'Pajama Boy' and perpetual adolescence

Rick Moran
He's young, he's hip, he's wearing perhaps the ugliest pair of pajamas available in America - and he wants you to talk about insurance.

He's "Pajama Boy" and is the latest example of failure in the promotion of Obamacare.

Twitchy chronicled the Twitter rollout of this incredibly stupid meme, as tweeters take pot shots at the inane figure.

Check out the "Pajama Boy Selfie" photoshop:

Rich Lowry reveals some more fundamental problems with Pajama Boy:

But it’s hard not to see Pajama Boy as an expression of the Obama vision, just like his forbear Julia, the Internet cartoon from the 2012 campaign. Pajama Boy is Julia’s little brother. She progressed through life without any significant family or community connections. He is the picture of perpetual adolescence. Neither is a symbol of self-reliant, responsible adulthood.

And so both are ideal consumers of government. Julia needed the help of Obama-supported programs at every juncture of her life, and Pajama Boy is going to get his health insurance through Obamacare (another image shows him looking very pleased in a Christmas sweater, together with the words “And a happy New Year with health insurance”).

The breakdown of marriage and its drift into the 30s mean there are more Julias and Pajama Boys than ever. The growth of government feeds off this trend, and at the margins, augments it. The vision of the Obama Democrats, distilled to its essence, is of a direct relationship between the state and the individual without the mediating institutions of family, church and community that are an inherent check on government power.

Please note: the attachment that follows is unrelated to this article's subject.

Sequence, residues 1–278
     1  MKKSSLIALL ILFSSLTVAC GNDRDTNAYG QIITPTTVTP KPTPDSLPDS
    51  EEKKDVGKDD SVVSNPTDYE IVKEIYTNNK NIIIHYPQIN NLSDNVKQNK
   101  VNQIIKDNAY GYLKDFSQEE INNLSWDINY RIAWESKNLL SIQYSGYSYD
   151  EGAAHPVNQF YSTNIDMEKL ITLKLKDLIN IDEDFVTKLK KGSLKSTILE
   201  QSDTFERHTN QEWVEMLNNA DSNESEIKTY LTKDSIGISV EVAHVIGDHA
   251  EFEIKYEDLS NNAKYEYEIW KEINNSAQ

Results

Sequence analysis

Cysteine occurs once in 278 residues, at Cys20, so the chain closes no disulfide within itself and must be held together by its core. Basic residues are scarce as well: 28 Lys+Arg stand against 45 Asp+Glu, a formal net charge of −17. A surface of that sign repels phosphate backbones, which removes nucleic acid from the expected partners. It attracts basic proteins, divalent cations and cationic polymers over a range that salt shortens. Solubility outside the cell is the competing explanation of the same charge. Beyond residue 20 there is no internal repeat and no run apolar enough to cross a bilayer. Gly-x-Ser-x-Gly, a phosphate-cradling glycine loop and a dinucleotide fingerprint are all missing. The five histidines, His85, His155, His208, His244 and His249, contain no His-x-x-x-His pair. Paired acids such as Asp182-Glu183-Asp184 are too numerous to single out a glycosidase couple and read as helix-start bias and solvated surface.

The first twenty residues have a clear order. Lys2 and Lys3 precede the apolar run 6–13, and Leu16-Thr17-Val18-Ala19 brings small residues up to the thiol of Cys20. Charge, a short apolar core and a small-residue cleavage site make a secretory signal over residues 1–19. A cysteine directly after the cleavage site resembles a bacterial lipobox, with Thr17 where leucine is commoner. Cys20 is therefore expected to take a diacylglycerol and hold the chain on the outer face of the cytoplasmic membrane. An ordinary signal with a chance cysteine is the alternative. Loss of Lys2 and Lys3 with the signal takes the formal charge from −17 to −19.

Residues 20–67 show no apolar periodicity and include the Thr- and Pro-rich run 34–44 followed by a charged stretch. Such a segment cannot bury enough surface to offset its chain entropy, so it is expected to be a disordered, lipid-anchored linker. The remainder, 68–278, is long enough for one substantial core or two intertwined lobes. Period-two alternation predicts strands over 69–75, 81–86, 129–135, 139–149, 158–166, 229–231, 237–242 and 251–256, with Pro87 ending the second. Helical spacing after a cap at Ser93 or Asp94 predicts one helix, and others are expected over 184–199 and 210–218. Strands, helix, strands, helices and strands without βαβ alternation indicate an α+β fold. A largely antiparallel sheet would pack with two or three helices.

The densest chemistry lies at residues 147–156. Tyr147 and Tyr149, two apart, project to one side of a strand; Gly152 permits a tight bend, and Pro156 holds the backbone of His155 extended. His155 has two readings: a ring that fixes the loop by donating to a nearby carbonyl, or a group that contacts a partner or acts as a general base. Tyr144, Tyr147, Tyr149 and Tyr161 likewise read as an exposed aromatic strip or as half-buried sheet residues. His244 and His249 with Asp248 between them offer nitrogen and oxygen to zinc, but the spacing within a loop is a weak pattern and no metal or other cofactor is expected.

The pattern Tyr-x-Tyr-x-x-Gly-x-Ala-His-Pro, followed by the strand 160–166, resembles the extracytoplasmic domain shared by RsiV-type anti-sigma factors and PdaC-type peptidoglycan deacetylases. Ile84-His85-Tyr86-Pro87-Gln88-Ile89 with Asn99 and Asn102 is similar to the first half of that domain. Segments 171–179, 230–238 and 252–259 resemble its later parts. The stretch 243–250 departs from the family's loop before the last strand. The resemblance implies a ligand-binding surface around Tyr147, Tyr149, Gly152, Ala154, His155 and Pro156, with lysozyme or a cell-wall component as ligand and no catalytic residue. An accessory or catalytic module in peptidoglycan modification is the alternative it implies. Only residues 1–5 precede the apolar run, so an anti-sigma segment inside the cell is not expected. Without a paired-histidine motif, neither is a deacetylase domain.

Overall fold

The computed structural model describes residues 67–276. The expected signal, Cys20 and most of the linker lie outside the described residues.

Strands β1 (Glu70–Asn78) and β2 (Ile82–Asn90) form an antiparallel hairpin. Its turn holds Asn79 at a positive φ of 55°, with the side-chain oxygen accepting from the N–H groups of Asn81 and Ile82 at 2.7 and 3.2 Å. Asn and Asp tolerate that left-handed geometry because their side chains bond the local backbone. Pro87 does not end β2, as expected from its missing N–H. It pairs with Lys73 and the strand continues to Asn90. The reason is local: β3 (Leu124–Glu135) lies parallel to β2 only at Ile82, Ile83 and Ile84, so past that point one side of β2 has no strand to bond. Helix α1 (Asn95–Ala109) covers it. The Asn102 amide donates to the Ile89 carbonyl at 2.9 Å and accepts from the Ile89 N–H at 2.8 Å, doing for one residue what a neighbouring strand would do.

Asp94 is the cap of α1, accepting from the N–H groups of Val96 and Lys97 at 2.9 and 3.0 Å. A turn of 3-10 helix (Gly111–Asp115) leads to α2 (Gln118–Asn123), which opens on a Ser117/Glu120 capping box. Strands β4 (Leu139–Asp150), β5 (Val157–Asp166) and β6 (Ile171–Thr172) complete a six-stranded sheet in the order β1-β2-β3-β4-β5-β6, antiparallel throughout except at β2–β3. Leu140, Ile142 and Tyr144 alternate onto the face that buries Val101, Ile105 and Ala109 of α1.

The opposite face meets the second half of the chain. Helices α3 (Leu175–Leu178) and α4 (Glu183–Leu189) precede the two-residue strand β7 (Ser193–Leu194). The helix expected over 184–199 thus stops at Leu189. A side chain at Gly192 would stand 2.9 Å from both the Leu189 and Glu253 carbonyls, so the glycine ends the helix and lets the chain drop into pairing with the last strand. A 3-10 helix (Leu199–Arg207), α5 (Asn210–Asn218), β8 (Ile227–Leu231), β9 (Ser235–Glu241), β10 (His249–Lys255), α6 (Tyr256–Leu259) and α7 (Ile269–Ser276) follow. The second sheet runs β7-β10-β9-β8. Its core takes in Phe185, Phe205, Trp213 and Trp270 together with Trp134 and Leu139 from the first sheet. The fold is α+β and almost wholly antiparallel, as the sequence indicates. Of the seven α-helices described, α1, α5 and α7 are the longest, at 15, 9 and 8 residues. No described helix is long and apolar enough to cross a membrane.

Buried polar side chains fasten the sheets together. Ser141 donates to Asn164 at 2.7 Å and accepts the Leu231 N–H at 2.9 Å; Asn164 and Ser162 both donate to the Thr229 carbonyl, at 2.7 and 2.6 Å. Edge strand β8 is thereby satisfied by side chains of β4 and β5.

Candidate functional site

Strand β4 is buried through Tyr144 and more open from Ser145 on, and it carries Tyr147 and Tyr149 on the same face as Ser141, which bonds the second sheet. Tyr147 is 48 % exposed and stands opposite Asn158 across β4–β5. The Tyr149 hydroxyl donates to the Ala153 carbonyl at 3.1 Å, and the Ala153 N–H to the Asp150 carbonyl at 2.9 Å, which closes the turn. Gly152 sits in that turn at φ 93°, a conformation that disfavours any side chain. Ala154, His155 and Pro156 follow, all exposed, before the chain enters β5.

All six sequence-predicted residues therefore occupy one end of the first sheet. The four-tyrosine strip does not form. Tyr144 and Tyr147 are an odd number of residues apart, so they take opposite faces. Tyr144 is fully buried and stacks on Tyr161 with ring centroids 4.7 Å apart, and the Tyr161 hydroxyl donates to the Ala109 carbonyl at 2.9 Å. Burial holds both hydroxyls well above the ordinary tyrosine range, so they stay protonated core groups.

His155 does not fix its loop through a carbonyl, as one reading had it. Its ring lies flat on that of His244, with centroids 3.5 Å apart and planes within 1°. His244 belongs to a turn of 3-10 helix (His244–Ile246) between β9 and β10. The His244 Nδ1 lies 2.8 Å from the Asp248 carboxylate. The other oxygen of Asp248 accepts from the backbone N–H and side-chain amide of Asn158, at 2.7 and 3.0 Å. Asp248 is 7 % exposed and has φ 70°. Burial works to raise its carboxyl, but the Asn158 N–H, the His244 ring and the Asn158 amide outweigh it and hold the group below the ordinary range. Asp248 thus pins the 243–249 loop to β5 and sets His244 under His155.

Tocqueville wrote long ago of the infantilizing tendency of such all-encompassing government. "It would be like the authority of a parent," he wrote in a famous passage, "if, like that authority, its object was to prepare men for manhood; but it seeks, on the contrary, to keep them in perpetual childhood." If you wanted to depict what Tocqueville was getting at in one meme, Pajama Boy wouldn't be such a bad way to do it.

Never has the difference between what Chris Matthews memorably dubbed the Mommy party and the Daddy party been so stark. Pajama Boy's mom probably still tucks him in at night, and when she isn't there for him, Obamacare will be. A less nurturing reaction is, as New Jersey Gov. Chris Christie put it in a counter tweet, "Get out of your pajamas." There's a reason President Obama is underwater by a 2-1 margin among men in the latest Quinnipiac poll.

As we all know, children are much easier to control than independent minded, liberty loving adults. The drive to create a "perpetual adolescent" class is to make it easier to further the statist cause. I'm sure Obama and his friends believe it's for our own good. They say as much when they point out that paying more for insurance and accepting coverage for things we don't want benefits everyone.


But take a good, long, hard, look at Pajama Boy. He is the future of America unless the radical left can be stopped.